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Definitions of start

  1. set in motion, cause to start; "The U.S. started a war in the Middle East"; "The Iraqis began hostilities"; "begin a new chapter in your life" Scrapingweb Dictionary DB
  2. begin an event that is implied and limited by the nature or inherent function of the direct object; "begin a cigar"; "She started the soup while it was still hot"; "We started physics in 10th grade" Scrapingweb Dictionary DB
  3. have a beginning, in a temporal, spatial, or evaluative sense; "The DMZ begins right over the hill"; "The second movement begins after the Allegro"; "Prices for these homes start at $250,000" Scrapingweb Dictionary DB
  4. have a beginning characterized in some specified way; "The novel begins with a murder"; "My property begins with the three maple trees"; "Her day begins with a work-out"; "The semester begins with a convocation ceremony" Scrapingweb Dictionary DB
  5. the time at which something begins; "They got an early start" Scrapingweb Dictionary DB
  6. the act of starting something; "he was responsible for the beginning of negotiations" Scrapingweb Dictionary DB
  7. leave; "The family took off for Florida" Scrapingweb Dictionary DB
  8. get off the ground; "Who started this company?"; "We embarked on an exciting enterprise"; "I start my day with a good breakfast"; "We began the new semester"; "The afternoon session begins at 4 PM"; "The blood shed started when the partisans launched a surprise attack" Wordnet Dictionary DB
  9. begin or set in motion; "I start at eight in the morning"; "Ready, set, go!" Scrapingweb Dictionary DB
  10. advantage gained by an early start as in a race; "with an hour's start he will be hard to catch" Scrapingweb Dictionary DB
  11. bring into being; "He initiated a new program"; "Start a foundation" Scrapingweb Dictionary DB
  12. a sudden involuntary movement; "he awoke with a start" Scrapingweb Dictionary DB
  13. a turn to be a starter (in a game at the beginning); "he got his start because one of the regular pitchers was in the hospital"; "his starting meant that the coach thought he was one of their best linemen" Scrapingweb Dictionary DB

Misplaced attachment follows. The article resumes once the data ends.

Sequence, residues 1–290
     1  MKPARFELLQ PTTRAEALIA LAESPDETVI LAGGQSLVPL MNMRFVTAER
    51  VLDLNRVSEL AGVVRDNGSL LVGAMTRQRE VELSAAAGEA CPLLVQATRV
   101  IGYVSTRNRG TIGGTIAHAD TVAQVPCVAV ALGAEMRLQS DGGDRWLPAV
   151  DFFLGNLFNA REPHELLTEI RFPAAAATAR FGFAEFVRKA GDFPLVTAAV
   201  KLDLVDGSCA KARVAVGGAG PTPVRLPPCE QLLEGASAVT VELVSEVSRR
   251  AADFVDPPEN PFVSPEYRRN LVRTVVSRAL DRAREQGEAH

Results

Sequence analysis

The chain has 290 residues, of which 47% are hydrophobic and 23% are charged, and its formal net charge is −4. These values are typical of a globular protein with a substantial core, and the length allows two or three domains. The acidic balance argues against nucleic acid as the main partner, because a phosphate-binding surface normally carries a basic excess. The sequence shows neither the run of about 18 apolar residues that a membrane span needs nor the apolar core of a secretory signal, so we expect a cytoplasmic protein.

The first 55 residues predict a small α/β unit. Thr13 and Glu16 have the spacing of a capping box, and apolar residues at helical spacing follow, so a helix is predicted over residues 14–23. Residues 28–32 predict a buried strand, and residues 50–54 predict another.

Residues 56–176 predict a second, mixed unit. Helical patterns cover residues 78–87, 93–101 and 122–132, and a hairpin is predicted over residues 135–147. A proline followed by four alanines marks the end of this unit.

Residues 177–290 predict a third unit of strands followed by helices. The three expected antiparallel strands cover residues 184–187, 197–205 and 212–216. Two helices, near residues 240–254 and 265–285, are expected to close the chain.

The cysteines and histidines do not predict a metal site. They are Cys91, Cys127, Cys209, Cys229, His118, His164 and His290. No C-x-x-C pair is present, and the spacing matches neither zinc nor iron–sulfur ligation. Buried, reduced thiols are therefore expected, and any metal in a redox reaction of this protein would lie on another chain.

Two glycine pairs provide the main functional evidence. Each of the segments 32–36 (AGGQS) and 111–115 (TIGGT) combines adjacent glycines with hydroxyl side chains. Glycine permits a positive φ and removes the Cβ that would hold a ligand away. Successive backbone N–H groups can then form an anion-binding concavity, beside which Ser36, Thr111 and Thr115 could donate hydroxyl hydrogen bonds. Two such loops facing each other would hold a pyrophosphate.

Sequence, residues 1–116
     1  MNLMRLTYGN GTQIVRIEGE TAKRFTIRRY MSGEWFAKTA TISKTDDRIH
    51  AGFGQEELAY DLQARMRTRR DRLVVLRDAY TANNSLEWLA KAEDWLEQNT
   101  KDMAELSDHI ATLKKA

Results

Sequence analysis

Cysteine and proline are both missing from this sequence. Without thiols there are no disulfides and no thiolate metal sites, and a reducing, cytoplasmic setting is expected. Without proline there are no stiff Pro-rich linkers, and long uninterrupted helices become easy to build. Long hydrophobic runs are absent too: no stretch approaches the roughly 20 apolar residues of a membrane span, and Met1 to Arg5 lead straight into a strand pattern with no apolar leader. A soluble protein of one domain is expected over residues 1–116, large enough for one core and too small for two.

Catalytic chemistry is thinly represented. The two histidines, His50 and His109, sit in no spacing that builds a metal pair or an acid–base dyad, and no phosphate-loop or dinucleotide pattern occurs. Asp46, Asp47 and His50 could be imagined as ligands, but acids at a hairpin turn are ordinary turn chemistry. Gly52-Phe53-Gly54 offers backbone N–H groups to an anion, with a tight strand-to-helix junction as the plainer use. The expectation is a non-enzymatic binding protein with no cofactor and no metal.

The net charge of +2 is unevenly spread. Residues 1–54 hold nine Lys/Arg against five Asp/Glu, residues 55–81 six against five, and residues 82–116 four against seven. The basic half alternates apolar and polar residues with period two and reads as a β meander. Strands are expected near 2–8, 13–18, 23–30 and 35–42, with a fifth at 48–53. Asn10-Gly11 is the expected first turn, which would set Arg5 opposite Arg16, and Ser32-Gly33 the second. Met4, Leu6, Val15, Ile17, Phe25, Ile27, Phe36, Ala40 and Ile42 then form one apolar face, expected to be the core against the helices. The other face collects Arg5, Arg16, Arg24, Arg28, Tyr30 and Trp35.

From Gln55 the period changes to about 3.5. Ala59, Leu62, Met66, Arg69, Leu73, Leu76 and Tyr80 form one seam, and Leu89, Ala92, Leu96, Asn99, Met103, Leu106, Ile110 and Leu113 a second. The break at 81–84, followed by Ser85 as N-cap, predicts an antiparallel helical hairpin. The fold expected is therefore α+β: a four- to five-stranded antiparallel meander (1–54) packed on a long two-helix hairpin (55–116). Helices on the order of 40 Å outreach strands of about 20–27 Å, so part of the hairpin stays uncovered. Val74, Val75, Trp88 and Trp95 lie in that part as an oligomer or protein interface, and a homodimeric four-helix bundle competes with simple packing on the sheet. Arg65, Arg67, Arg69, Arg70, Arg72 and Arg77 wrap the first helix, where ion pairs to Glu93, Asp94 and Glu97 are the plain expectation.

14. a signal to begin (as in a race); "the starting signal was a green light"; "the runners awaited the start" Scrapingweb Dictionary DB
  15. the beginning of anything; "it was off to a good start" Scrapingweb Dictionary DB
  16. play in the starting line-up, in team sports Scrapingweb Dictionary DB
  17. move or jump suddenly, as if in surprise or alarm; "She startled when I walked into the room" Scrapingweb Dictionary DB
  18. begin work or acting in a certain capacity, office or job; "Take up a position"; "start a new job" Scrapingweb Dictionary DB
  19. a line indicating the location of the start of a race or a game Wordnet Dictionary DB
  20. the time at which something is supposed to begin; "they got an early start"; "she knew from the get-go that he was the man for her" Wordnet Dictionary DB
  21. take the first step or steps in carrying out an action; "We began working at dawn"; "Who will start?"; "Get working as soon as the sun rises!"; "The first tourists began to arrive in Cambodia"; "He began early in the day"; "Let's get down to work now" Scrapingweb Dictionary DB
  22. play in the starting line-up Wordnet Dictionary DB
  23. get going or set in motion; "We simply could not start the engine"; "start up the computer" Wordnet Dictionary DB
  24. A beginning. The Concise Standard Dictionary of the English Language. By James Champlin Fernald. Published 1919.
  25. To leap; to jump. Newage Dictionary DB
  26. To move suddenly, as with a spring or leap, from surprise, pain, or other sudden feeling or emotion, or by a voluntary act. Newage Dictionary DB
  27. To set out; to commence a course, as a race or journey; to begin; as, to start business. Newage Dictionary DB
  28. To become somewhat displaced or loosened; as, a rivet or a seam may start under strain or pressure. Newage Dictionary DB
  29. To cause to move suddenly; to disturb suddenly; to startle; to alarm; to rouse; to cause to flee or fly; as, the hounds started a fox. Newage Dictionary DB
  30. To bring onto being or into view; to originate; to invent. Newage Dictionary DB
  31. To cause to move or act; to set going, running, or flowing; as, to start a railway train; to start a mill; to start a stream of water; to start a rumor; to start a business. Newage Dictionary DB
  32. To move suddenly from its place or position; to displace or loosen; to dislocate; as, to start a bone; the storm started the bolts in the vessel. Newage Dictionary DB
  33. To pour out; to empty; to tap and begin drawing from; as, to start a water cask. Newage Dictionary DB